The Oldest Restaurant In The World Has Been Around Since 803 AD

It's time for your inner history buff to take your inner foodieblog on a date, and what better place to do so than at the oldest restaurant in the world? The Guinness Book of World Records has bestowed the title of world's oldest restaurant on Restaurante Botín, which opened in Madrid in 1725, and centuries later became a favorite restaurant of Ernest Hemingway. However, Guinness isn't quite correct in this assessment. Restaurante Botín is the oldest continuously operating restaurant in the world, but there are a number of establishments that long preceded it.

Some of the restaurants older than Botín include: Bianyifang, a Beijing eatery founded in 1416; Zum Franziskaner, a beer hall in Stockholm that was founded in 1421; and the White Horse Tavern of Newport, Rhode Island, which opened in 1673. These other restaurants don't get the same honor as Restaurante Botín because they have all closed for periods, changed locations, or switched business models at some point in history. But even taking that into account, none of these is the oldest restaurant in the world either. That honor rightfully belongs to St. Peter Stiftskulinarium, which opened in Salzburg, Austria over 1,200 years ago.

The long history of St. Peter Stiftskulinarium

St. Peter Stiftskulinarium is located within St. Peter's Abbey. Founded in the late 7th century, the abbey is believed to be the oldest in the German-speaking world, and its unique design incorporates elements of Romanesque, Gothic, Renaissance, Baroque and Rococo architecture. Nobody is certain of when the abbey's restaurant opened, but it was first documented in 803 by Alcuin of York, an advisor to the Holy Roman Emperor Charlemagne.

This would make St. Peter Stiftskulinarium at least 1,220 years old as of the writing of this article. However, some have argued that the establishment didn't count as a restaurant initially because it didn't charge diners for their food. It was long customary for monasteries to provide free meals to religious travelers, such as Alcuin of York. It also loses the title of oldest continuously operating restaurant to Restaurante Botín due to multiple periods of closure. Most notably, St. Peter Stiftskulinarium was forced to close its doors to provide quarters for troops during the Napoleonic Wars.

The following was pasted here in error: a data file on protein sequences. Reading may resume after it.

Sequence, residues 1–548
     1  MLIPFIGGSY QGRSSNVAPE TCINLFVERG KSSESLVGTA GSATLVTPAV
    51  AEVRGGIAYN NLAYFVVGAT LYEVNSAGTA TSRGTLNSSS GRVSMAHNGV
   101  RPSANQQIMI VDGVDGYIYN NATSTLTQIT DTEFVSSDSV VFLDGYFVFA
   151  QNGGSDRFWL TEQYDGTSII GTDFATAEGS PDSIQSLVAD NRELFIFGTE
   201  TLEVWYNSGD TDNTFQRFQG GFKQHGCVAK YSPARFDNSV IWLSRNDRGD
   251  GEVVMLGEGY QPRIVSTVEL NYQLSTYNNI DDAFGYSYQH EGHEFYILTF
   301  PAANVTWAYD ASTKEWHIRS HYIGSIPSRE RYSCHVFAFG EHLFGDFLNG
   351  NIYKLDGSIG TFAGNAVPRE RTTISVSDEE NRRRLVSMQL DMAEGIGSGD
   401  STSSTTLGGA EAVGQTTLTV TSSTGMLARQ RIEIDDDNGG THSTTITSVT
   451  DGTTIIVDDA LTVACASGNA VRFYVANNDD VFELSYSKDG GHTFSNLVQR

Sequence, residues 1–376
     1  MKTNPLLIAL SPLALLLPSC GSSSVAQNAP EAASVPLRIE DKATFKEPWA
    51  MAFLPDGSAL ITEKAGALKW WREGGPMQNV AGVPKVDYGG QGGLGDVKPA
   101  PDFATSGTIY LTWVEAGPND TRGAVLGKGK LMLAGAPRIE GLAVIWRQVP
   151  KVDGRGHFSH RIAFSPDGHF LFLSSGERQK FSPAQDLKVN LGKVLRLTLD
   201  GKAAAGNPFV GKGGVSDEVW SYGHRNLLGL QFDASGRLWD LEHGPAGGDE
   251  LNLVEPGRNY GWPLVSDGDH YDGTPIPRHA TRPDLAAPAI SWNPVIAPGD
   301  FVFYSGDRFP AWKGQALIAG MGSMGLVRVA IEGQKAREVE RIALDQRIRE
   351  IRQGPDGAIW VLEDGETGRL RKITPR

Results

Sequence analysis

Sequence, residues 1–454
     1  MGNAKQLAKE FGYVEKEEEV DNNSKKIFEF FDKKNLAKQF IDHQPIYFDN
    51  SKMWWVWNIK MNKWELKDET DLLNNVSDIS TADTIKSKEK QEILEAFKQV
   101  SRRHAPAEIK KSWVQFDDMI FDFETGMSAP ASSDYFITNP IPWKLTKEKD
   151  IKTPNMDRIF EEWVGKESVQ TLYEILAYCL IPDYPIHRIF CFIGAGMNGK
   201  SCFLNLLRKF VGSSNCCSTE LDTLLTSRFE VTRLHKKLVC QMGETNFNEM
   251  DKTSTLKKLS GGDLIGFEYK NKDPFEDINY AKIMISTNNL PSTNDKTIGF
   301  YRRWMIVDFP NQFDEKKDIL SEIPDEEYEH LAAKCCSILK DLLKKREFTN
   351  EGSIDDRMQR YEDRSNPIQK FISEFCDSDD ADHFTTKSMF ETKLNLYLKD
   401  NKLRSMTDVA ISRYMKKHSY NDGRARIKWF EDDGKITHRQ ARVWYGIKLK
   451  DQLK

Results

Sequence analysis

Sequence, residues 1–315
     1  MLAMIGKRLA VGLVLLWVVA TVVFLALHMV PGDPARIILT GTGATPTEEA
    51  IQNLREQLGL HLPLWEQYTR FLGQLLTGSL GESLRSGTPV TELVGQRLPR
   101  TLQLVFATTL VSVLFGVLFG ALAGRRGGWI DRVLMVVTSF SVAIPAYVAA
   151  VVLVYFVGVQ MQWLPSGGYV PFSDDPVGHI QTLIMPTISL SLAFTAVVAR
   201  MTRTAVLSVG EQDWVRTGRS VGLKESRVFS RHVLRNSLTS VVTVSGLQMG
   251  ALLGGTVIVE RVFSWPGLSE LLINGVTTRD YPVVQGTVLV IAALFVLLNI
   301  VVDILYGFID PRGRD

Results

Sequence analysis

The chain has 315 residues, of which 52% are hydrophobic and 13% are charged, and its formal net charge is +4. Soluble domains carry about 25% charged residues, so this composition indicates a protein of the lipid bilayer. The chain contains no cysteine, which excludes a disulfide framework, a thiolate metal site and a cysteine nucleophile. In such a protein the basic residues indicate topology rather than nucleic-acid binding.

Throughout its illustrious history, St. Peter Stiftskulinarium accumulated more than its fair share of famous patrons, including Salzburg's most famous son, Wolfgang Amadeus Mozart. Christopher Columbus and Johann Georg Faust are also said to have dined there, and for a period in the mid-1700s, Michael Haydn, the brother of composer Joseph Haydn and an accomplished composer in his own right, lived in a room above the restaurant. Their legacies still echo within the walls of the establishment.

What to expect from a meal at St. Peter Stiftskulinarium

While it wears its history as a badge of honor, St. Peter Stiftskulinarium is not stuck in the past by any means. It embraces the best of fine dining, both old and new through its menu of classic and contemporary Austrian cuisine. Prominently featured are two of the nation's most beloved dishes, wiener schnitzel (fried veal cutlet) and tafelspitz (boiled beef with apples and horseradish), alongside international favorites like burrata, tuna tartare, and a variety of homemade pastas.

You'd think that getting a reservation at the world's oldest restaurant would be next to impossible, but St. Peter Stiftskulinarium can seat 620 diners, ensuring there's almost always a place for you. The restaurant sprawls across 11 separate dining rooms, each with their own unique design. The oldest are carved right into the stone cliffs that abut the abbey, while newer offerings include an open-air patio and renovated wine cellar. The decor leans surprisingly modern, with contemporary art and lots of pink lighting courtesy of proprietors Claus Haslauer and wife Veronika Kirchmair, who took over the restaurant in the 1990s.

St. Peter Stiftskulinarium is famous for its nightly Mozart Dinner Concert, first held in 1996. Taking place in the restaurant's grand Baroque Hall, the meal features three courses of 17th and 18th-century Austrian cuisine, accompanied by a live performance of Mozart's work by members of the Salzburg Concert Society, dressed in opulent period attire.